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We’re constantly seeing reminders around the station and in the fire service media about the importance of properly wearing safety belts whenever riding any apparatus that is in motion. The National Fallen Firefighters Foundation (NFFF), through its “Everyone Goes Home” initiative and the National Seatbelt Pledge, has changed the culture regarding seatbelt use in many departments.
Although this category of firefighter fatalities has declined significantly, according to the latest statistics from the U.S. Fire Administration (USFA), we continue to see deaths and serious injuries involving unbelted firefighters. In the past decade, more than 200 firefighters have been killed responding to or returning from incidents. The National Fire Protection Association (NFPA) estimates that more than 10,700 firefighters have been injured in that same period. There is no firm estimate of the percentage of those killed and injured who were wearing seatbelts, but we know anecdotally that a substantial portion were not.
Wearing a lap/shoulder seatbelt is the single most important step anyone can take to reduce injury in a motor vehicle accident. Studies sponsored by the National Highway Traffic Safety Administration (NHTSA) conclude that seatbelt use in cars and pickup trucks reduces the risk of injury by half or more. It is reasonable to assume the reduction would be greater in the generally larger vehicles that make up much of the fire service fleet.
States have recognized the value of seatbelts, so much that every state except New Hampshire now requires seatbelt use by the general adult population. The basic laws are simple. They typically require drivers and passengers to properly use the seatbelt system when riding in a motor vehicle. The legal burden for ensuring everyone uses seatbelts often falls on the driver (i.e., “No person shall operate a motor vehicle...”). But a very complicated set of laws underlies this simple principle.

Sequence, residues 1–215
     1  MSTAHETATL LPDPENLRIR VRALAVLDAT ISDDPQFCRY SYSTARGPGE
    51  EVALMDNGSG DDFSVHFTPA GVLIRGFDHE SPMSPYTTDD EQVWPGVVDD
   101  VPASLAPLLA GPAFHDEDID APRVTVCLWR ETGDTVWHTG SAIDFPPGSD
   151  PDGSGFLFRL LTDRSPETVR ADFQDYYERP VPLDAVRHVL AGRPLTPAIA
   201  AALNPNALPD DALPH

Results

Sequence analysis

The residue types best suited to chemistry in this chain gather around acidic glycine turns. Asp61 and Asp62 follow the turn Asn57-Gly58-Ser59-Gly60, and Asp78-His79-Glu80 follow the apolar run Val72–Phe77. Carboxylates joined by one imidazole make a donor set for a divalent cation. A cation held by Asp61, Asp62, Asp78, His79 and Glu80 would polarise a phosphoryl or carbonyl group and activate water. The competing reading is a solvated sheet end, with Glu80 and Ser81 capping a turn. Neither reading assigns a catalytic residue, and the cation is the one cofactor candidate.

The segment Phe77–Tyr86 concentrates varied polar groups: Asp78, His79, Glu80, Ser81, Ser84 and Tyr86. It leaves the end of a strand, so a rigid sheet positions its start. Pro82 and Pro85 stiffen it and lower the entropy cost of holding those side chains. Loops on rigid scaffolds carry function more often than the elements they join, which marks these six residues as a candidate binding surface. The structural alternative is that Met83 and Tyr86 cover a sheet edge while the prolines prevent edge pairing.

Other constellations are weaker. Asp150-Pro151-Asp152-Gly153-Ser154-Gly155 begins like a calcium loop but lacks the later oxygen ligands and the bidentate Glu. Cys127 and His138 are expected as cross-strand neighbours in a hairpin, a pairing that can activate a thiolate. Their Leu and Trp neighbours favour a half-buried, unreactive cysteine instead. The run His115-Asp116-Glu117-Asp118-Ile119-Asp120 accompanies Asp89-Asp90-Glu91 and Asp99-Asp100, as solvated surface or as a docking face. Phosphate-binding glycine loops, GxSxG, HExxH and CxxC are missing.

No two states write their laws identically. They include numerous limitations, exceptions or exemptions. The biggest loophole comes in the 24 states where only front-seat occupants must use seatbelts. Unless there is a separate rule for fire service vehicles in these states, half or more of the crews on any rig are exempt from the seatbelt-use requirement.
States have varying definitions for the term “motor vehicle,” with seven that specifically exclude emergency vehicles. More than 20 states have some form of exemption for persons riding in emergency vehicles. Perhaps the most peculiar language comes from Vermont, where an emergency responder is exempt from the belt-use requirement if he or she “finds it necessary” to be unrestrained in order to perform his or her duties.
Further, states have special rules that exempt public vehicles from commercial and private passenger vehicle requirements. These exemptions could be found in yet a different section of a state’s law and may create different requirements for seatbelt use. Because many volunteer fire departments are private corporations, they may or may not have the same rules regarding seatbelt use as public departments.
As you can see, a simple law becomes complex in its details. There are specific exemptions of various types that are written into the seatbelt law itself. There are special rules for public-use vehicles. Finally, there may be court decisions interpreting the various laws and how they interrelate.
It’s hard to imagine that a police officer would pull over a fire service vehicle and issue a ticket for failure to properly wear a seatbelt. But that doesn’t mean a seatbelt law covering the fire service would be meaningless. Laws also serve as guideposts and educational tools. Most people will follow the law simply because it is there – without regard to the potential threat of enforcement. Many people look to the law for guidance and make the (false) assumption that it is permissible to ride without using the safety belt when they see the exemption.